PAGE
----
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10 Myths About Diabetes: How to Overcome?


Type 2 diabetes can be controlled not cured.

According to the Lancet study in April this year, there is a fourfold rise in the number of diabetics – from 108 million in 1980 to 422 million in 2014 and half of them live in five countries -India, China, USA, Brazil and Indonesia.

In China, the numbers rose from 20.4 million in China in 1980 to 102.9 million in 2014, in India from 11.9 million in 1980 to 64.5 million. It doubled in men in India and China — 3.7 per cent to 9.1 per cent in India and 3.5 per cent to 9.9 per cent in China. Among women, it has increased by 50 per cent in China (5.0 per cent to 7.6 per cent) and 80 per cent among women in India (4.6 per cent to 8.3 per cent).

The World Health Organisation predicts that diabetes will become the seventh leading cause of death in 2030, sending the danger signals 15 years ahead to mke people understand the implications of the disease.

Here are top 10 myths about diabetes which you should be aware of and overcome with precautions given frequently by doctors and experts:

1. Obesity Begets Diabetes? No, it is not obesity or overweight that onsets the type 2 diabetes but the failure of physical activity and sedentary lifestyle that breeds the disease. It is not associated with type 1 diabetes, which stems from the immune system’s attack on the insulin-making beta cells in the pancreas. In fact, family history is a major contributor to type 2 diabetes.

2. Avoid sugar or sweets? Not entirely but reduce sugar intake and balance it with high-fibre carbohydrates, plenty of fruit and vegetables, and foods that are low in salt, saturated fat and refined sugar. If sugar ias added to packed foods, avoid them and choose less processed foods.

3. Brown vs. White Bread: Doctors disagree that mere white bread is the cause to rise our glucose levels. Whether brown or white bread, choose wholegrain breads and cereal with high fibre content as it reduces cholesterol and keeps a person feeling full so he or she may reduce food intake in turn. Just eat less amounts of carbohydrate.

4. Eat More Fruits? No, fruit contains fibre, vitamins and minerals and also carbohydrates which increase glucose in the boday. Instead take fruits with vegetables mixed equally.

5. Sugar Free Sweets? Don’t be fooled by sugar-free food made out of sweeteners which in turn increase your appetite and lead to more intake of carbohydrates. Taking sweets just as tasters is not bad, say doctors. Taking sweeteners is only recommended when it is absolutely required, according to experts.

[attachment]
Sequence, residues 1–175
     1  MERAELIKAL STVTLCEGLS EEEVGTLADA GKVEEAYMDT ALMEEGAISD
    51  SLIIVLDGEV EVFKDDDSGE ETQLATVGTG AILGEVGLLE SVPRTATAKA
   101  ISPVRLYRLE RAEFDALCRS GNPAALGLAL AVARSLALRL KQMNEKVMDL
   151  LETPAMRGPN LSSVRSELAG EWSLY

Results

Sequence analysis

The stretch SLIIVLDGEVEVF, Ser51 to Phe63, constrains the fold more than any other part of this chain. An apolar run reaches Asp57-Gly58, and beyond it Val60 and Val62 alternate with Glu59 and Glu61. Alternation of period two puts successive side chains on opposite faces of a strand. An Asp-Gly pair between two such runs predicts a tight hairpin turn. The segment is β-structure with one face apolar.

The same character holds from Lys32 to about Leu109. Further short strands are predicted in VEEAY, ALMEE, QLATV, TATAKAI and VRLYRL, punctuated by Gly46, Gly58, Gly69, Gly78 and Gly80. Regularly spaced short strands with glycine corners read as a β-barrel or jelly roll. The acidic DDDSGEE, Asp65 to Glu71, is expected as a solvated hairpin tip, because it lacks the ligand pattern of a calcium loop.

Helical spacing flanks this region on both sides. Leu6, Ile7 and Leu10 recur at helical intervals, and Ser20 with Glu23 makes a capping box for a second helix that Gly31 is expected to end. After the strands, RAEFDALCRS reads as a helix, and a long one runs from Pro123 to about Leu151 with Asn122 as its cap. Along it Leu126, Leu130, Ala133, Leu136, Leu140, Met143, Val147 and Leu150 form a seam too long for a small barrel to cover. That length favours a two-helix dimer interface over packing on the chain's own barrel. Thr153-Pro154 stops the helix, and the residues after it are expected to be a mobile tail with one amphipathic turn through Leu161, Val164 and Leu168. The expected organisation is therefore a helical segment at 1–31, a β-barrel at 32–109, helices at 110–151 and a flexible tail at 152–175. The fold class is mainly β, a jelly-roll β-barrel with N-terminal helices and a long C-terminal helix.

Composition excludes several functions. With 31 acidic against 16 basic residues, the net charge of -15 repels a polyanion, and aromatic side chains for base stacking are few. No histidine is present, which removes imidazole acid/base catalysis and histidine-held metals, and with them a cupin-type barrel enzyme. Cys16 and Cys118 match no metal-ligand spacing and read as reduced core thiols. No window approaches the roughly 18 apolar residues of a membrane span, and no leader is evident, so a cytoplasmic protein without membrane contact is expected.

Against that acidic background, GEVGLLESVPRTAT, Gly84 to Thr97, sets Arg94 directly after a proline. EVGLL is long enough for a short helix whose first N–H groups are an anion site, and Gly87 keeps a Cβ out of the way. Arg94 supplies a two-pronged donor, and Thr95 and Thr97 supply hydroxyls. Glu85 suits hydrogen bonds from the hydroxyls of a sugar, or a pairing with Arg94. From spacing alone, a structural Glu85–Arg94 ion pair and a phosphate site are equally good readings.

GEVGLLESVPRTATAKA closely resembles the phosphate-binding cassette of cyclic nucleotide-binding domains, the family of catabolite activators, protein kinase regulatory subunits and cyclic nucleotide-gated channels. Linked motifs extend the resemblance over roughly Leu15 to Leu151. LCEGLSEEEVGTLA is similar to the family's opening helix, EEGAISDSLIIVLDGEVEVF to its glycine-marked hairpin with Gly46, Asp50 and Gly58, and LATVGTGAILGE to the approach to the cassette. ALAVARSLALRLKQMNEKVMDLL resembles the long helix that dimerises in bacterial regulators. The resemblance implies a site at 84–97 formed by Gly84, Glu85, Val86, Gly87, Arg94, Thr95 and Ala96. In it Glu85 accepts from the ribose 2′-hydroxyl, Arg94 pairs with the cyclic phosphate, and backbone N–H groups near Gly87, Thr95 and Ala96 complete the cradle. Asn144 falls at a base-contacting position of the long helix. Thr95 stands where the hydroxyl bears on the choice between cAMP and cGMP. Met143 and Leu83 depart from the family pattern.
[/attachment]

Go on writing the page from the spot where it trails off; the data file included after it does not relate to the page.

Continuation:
6. Eat More Nuts? No, not all nuts have equal fibre though advised in random. For instance, cashew and groundnuts can result in more cholesterol and be avoided while walnuts can be made regular part of your diet to keep diabetes under control.

7. Preventing Diabetes? No, type 2 diabetes cannot be prevented nor it is it curable but can be delayed with rigorous exercise and eating a healthy diet, reducing weight and waistline. Diabetes cannot be mild but something waiting to happen. Once it is there, it remains only “under control” depending on a healthy diet and medication. Recent bariatric surgery can only lead to reduction in sugar intake but not entirely proved helpful to cure diabetes.

8. Low calorie-intake Cures Diabetes? No, very low calorie diets may result in weight loss, which in turn results in blood-sugar levels reaching non-diabetes levels. But very low-calorie diets cannot be sustained in the long term, resulting in other complications.

9. Eating More Sugar Gets You Diabetes? No, diabetes is caused even among those who hate sweets or averse to sugar candies. There is no direct link between sugar and diabetes, but diabetes, especially the type 2, is caused by genetics and lifestyle factors, unless you drink sugary drinks frequently and accumulate weight.

10. Diabetes Not Serious? Diabetes is a serious condition and annual check up is compulsory and those with high blood pressure require to pay more attention to their medication and check ups. Controlling diabetes helps in controlling cardio-vascular diseases in turn, say doctors.

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